Conversation turns to White tears, Kunzru's story of music producers who appropriate a blues song and are subject to a vengeful "haunting". The ideas behind the novel are ones of culture and "authenticity". Kunzru says that "the blues is a cypher for authenticity" and notes the way it's used in advertising and other media, conjuring the image of a blues musician sitting on a wooden porch playing the guitar as something you might see in a beer commercial. In White tears he was "trying to put my finger on the sore spot of race and culture" in a Judah-like way and as an outsider. It's a ghost story because ghost stories happen when "things from the past refuse to be buried", things from the past "that infect the present". It's no coincidence, he says, that so many spooky tales in the U.S. start with "the old Indian burial ground".
If that's not a metaphor for the legacy of colonialism and racism in the U. S. (and other places) then I don't know what is.
Podcasts, Internet culture and the cure for nihilism
Matthews then asks Kunzru about his lockdown podcast project, Into the Zone. Kunzru was reading about some of the advances in genetics in terms of sequencing ancient DNA and the new ability to see into the past of migration and origin myths. It was discovered that the builders of Stonehenge don't have any genetic relationship to modern Britons. This symbol of constancy was built by people who were subsequently displaced. Which circles back around to the idea of authenticity again. So he vox-popped some druids, as you do. Origin stories, he reflects, have the potential to be "weaponised and politicised" and we probably need to "be more flexible about our ideas".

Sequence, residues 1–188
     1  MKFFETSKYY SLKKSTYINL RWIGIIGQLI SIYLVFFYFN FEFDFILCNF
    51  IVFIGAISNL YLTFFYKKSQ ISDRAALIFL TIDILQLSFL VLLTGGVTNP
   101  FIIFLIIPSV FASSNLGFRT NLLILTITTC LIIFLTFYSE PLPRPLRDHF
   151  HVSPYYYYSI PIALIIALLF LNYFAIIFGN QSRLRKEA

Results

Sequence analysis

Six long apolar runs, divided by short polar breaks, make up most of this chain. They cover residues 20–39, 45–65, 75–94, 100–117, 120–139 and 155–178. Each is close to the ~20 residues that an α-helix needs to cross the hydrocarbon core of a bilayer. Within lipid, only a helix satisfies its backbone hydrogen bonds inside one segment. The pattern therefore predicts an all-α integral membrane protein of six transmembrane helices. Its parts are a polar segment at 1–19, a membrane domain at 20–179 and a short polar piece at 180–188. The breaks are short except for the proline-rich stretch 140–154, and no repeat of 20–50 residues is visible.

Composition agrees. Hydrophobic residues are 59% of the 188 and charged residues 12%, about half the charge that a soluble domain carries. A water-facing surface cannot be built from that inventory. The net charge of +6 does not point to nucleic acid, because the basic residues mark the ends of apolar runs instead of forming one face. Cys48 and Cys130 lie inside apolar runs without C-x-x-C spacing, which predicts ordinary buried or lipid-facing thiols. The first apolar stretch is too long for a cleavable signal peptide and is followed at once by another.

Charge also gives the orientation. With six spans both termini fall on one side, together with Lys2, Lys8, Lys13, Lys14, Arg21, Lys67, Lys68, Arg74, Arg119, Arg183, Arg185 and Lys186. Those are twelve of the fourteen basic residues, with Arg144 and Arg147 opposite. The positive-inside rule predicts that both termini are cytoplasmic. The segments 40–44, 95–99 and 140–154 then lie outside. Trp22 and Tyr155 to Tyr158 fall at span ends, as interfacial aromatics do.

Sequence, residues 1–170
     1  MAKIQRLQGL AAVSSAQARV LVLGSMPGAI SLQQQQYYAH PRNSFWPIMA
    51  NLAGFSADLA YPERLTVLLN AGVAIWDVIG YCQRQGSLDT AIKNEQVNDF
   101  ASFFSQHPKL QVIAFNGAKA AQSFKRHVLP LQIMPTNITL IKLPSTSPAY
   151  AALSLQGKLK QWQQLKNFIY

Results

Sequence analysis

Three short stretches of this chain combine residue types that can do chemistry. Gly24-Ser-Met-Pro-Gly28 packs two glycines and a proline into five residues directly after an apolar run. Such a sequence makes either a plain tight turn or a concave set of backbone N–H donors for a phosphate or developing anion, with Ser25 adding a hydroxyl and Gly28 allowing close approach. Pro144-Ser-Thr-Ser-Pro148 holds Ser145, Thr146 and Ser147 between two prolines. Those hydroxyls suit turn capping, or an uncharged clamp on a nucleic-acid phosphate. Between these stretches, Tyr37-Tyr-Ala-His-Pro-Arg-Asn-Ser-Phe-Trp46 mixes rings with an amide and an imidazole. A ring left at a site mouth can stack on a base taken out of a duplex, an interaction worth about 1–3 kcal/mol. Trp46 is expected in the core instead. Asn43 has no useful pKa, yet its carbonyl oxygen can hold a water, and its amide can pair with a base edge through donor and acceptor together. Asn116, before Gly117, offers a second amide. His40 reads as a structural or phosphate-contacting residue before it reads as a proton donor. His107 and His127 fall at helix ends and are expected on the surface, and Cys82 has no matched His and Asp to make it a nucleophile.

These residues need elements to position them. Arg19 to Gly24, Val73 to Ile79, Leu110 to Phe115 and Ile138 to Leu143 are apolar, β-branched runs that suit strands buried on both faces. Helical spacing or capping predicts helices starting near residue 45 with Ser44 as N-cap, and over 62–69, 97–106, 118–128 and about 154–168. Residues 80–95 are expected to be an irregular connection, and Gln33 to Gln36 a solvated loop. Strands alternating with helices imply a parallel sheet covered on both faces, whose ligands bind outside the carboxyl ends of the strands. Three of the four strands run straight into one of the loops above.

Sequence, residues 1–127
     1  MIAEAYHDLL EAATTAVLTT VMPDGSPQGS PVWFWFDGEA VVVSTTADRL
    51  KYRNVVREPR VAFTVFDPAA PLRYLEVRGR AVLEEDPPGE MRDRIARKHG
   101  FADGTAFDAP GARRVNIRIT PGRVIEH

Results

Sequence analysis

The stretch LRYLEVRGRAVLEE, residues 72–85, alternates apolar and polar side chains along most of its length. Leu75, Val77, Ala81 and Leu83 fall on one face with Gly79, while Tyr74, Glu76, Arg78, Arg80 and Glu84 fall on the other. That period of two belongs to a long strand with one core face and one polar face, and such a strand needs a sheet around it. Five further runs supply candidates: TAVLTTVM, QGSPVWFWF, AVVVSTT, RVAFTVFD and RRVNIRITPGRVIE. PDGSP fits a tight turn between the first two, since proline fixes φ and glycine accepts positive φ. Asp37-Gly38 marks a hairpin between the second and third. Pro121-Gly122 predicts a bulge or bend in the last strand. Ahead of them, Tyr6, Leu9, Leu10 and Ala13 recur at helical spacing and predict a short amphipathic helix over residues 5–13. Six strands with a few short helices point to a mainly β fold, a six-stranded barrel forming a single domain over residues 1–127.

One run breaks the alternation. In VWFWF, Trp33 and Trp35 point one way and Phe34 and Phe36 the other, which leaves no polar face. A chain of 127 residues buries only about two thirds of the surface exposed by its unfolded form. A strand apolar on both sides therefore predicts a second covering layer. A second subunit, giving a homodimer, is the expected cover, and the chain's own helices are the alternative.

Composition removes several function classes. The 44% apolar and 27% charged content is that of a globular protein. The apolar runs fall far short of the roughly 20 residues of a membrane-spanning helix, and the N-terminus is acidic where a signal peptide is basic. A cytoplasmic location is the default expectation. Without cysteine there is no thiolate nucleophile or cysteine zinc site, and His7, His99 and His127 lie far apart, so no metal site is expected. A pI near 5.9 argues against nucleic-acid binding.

When asked if there'll be more Into the Zone he says that it's a team effort and quite expensive but when it's possible to travel again he hopes to do more. For now he's going back to writing essays and is half-way through a novel that it's too early to talk about but it's "got kind of an anxious tone to it. I'm still working through my stuff. Sorry, everybody". In the meantime there's a book of political essays, from his writing for Harpers, that covers conspiracy and the shift that's happened in U.S. politics.